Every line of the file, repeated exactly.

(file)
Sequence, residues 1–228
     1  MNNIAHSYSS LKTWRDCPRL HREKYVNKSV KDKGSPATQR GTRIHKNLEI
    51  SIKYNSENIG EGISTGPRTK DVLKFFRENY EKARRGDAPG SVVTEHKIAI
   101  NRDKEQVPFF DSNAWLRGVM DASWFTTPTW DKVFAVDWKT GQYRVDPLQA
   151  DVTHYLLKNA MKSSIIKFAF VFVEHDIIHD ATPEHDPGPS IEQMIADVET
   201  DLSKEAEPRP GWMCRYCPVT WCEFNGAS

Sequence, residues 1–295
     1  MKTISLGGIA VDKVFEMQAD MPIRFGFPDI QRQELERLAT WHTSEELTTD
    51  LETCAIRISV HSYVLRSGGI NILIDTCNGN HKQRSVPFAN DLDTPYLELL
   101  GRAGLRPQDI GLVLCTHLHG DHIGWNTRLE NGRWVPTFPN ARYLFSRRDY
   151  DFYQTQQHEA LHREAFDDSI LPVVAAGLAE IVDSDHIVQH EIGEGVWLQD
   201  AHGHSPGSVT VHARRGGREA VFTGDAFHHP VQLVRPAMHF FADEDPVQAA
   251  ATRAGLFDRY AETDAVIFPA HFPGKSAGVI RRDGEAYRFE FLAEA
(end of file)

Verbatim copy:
Sequence, residues 1–228
     1  MNNIAHSYSS LKTWRDCPRL HREKYVNKSV KDKGSPATQR GTRIHKNLEI
    51  SIKYNSENIG EGISTGPRTK DVLKFFRENY EKARRGDAPG SVVTEHKIAI
   101  NRDKEQVPFF DSNAWLRGVM DASWFTTPTW DKVFAVDWKT GQYRVDPLQA
   151  DVTHYLLKNA MKSSIIKFAF VFVEHDIIHD ATPEHDPGPS IEQMIADVET
   201  DLSKEAEPRP GWMCRYCPVT WCEFNGAS

Sequence, residues 1–295
     1  MKTISLGGIA VDKVFEMQAD MPIRFGFPDI QRQELERLAT WHTSEELTTD
    51  LETCAIRISV HSYVLRSGGI NILIDTCNGN HKQRSVPFAN DLDTPYLELL
   101  GRAGLRPQDI GLVLCTHLHG DHIGWNTRLE NGRWVPTFPN ARYLFSRRDY
   151  DFYQTQQHEA LHREAFDDSI LPVVAAGLAE IVDSDHIVQH EIGEGVWLQD
   201  AHGHSPGSVT VHARRGGREA VFTGDAFHHP VQLVRPAMHF FADEDPVQAA
   251  ATRAGLFDRY AETDAVIFPA HFPGKSAGVI RRDGEAYRFE FLAEA